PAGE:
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Human brain networks: consensus, reproducibility, inter-modal comparison and epilepsy pathology

Parker, CS; (2017) Human brain networks: consensus, reproducibility, inter-modal comparison and epilepsy pathology. Doctoral thesis , UCL (University College London). Green open access

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Abstract

Classical and contemporary research in neuroscience postulates that connectivity is a fundamental component of human brain function. Recently, advances in computational neuroimaging have enabled reconstruction of macroscopic human brain structural connectivity in vivo using diffusion MRI. Studies show that the structural network topology may discriminate between neurological phenotypes or relate to individual brain function. To investigate disease effectively, it is necessary to determine the network methodological and biological variability. Reproducibility was calculated for two state-of-the-art reconstruction pipelines in healthy subjects. High reproducibility of connection weights was observed, which increased with connection strength. A high agreement between pipelines was found across network density thresholds. In addition, a robust core network was identified coinciding with a peak in similarity across thresholds, and replicated with alternative atlases. This study demonstrates the utility of applying multiple structural network pipelines to diffusion data in order to identify the most important connections. Focal epilepsy is characterised by seizures that can spread to contiguous and non-contiguous sites. Diffusion MRI and cortico-cortical evoked potentials were acquired in focal epilepsy patients to reconstruct and correlate their structural and effective brain networks and examine connectivity of the ictal-onset zone and propagative regions. Automated methods are described to reconstruct comparable largescale structural and effective networks. A high overlap and low correlation was observed between network modalities. Low correlation may be due to imperfections in methodology, such as difficulty tracing U-fibers using tractography. Effective connectivity amplitude, baseline fluctuation, and outward connectivity tended to be higher at ictal-onset regions, while higher structural connectivity between ictal-onset regions was observed. Furthermore, a high prevalence of structural and effective connections to sites of non-contiguous seizure spread was found. These results support the concept of highly excitable cortex underlying ictal-onset regions which promotes non-contiguous seizure spread via high outward connectivity.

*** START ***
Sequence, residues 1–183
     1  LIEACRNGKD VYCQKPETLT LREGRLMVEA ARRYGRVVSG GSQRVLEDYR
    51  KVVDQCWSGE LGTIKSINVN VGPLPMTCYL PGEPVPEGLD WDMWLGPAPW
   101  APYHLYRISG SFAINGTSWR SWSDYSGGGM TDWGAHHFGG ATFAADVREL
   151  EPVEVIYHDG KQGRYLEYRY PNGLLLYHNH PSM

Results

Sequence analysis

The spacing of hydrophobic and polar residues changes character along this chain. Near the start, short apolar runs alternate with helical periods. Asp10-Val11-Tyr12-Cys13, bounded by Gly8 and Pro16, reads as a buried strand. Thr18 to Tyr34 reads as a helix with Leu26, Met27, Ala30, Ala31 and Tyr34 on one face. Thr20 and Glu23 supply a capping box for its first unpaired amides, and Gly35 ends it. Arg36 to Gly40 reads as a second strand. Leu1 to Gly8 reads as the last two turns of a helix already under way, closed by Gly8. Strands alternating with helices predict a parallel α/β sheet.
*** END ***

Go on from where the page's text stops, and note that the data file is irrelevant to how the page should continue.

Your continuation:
Type: Thesis (Doctoral)
Title: Human brain networks: consensus, reproducibility, inter-modal comparison and epilepsy pathology
Event: UCL
Open access status: An open access version is available from UCL Discovery
Language: English
Keywords: Connectome, Brain Network, Diffusion Tractography, Cortico-cortical Evoked Potential, Intra-cranial EEG, Epilepsy
UCL classification: UCL > Provost and Vice Provost Offices
UCL > Provost and Vice Provost Offices > School of Life and Medical Sciences
UCL > Provost and Vice Provost Offices > School of Life and Medical Sciences > Faculty of Pop Health Sciences > UCL GOS Institute of Child Health
UCL > Provost and Vice Provost Offices > School of Life and Medical Sciences > Faculty of Pop Health Sciences > UCL GOS Institute of Child Health > ICH Developmental Neurosciences Prog
UCL > Provost and Vice Provost Offices > UCL BEAMS
UCL > Provost and Vice Provost Offices > UCL BEAMS > Faculty of Engineering Science
UCL > Provost and Vice Provost Offices > UCL BEAMS > Faculty of Engineering Science > Dept of Computer Science
URI: http://discovery.ucl.ac.uk/id/eprint/1535334
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